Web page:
Op-Ed: Why Can’t a Generation that Grew Up Online Spot the Misinformation in Front of Them?
The 2020 election has once again demonstrated how easy it is to spread misinformation online. And universities across the U.S. are failing in teaching students how to identify it. Many colleges offer students guides to evaluate the trustworthiness of websites. But too many of them base their advice on a report from 1998. That’s nine years before the first iPhone, and 18 years before Russian interference sparked an urgent discussion on how we interpret information online.
There’s something deeply wrong with using advice on the internet of 20 years ago to teach students how they should interact with the internet of today. That demands 21st century skills.
In a report released last month that we co-authored for the Stanford History Education Group, we saw what happens when educators provide students with outdated advice. Most of the 263 college students we tested floundered when trying to discern fact from fiction online.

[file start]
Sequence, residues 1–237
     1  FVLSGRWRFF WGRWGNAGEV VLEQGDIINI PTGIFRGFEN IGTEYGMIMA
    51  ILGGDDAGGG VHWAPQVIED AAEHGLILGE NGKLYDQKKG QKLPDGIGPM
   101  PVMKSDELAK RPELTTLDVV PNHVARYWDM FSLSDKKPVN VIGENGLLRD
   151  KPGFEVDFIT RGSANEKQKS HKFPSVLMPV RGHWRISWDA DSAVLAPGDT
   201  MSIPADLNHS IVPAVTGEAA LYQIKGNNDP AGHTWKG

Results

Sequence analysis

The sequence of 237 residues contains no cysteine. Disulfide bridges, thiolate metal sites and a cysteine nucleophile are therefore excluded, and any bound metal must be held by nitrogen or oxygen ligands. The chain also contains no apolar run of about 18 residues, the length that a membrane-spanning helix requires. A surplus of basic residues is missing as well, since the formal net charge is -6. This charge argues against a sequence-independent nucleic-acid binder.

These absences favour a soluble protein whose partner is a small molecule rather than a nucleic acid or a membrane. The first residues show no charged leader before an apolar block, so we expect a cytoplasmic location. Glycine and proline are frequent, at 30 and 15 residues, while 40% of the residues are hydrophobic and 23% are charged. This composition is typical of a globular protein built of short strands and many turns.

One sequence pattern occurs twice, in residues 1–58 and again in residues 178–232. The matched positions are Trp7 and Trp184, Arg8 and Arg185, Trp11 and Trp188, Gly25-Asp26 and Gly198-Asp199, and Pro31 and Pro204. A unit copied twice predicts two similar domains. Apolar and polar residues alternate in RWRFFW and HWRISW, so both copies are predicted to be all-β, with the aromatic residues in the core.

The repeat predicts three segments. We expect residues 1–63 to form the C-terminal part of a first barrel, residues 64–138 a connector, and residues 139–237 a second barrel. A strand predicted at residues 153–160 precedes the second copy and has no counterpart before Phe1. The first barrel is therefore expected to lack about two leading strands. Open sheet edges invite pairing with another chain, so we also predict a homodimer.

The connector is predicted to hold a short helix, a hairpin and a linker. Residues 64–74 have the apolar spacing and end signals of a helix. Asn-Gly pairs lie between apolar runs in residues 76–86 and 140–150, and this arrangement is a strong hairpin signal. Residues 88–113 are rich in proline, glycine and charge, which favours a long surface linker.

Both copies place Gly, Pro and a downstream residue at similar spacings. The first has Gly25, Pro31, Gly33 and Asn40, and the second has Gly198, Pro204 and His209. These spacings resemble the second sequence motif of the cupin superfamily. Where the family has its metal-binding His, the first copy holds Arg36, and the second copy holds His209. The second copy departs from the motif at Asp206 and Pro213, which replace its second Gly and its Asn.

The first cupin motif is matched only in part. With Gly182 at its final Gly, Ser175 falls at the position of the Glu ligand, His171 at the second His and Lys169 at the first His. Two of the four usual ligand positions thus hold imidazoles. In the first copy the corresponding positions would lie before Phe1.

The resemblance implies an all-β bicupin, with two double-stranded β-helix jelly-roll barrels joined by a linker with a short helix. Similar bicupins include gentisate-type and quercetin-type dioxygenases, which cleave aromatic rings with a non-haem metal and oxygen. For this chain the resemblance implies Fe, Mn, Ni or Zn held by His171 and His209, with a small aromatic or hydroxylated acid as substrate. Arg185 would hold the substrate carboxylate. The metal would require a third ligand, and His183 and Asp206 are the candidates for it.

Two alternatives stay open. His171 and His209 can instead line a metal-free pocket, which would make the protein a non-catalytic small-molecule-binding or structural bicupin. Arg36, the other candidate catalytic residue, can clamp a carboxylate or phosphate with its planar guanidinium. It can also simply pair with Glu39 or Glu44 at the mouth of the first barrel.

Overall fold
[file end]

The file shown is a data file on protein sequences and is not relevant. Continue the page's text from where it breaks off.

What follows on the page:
Students viewed a post of a “news story” from the Seattle Tribune, a satirical site whose masthead proudly proclaimed that “any resemblance to the truth is purely coincidental.” Two-thirds failed to identify the story as satirical.
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Filed under: News
About Gary Price
Gary Price (firstname.lastname@example.org) is a librarian, writer, consultant, and frequent conference speaker based in the Washington D.C. metro area. He earned his MLIS degree from Wayne State University in Detroit. Price has won several awards including the SLA Innovations in Technology Award and Alumnus of the Year from the Wayne St. University Library and Information Science Program. From 2006-2009 he was Director of Online Information Services at Ask.com. Gary is also the co-founder of infoDJ an innovation research consultancy supporting corporate product and business model teams with just-in-time fact and insight finding.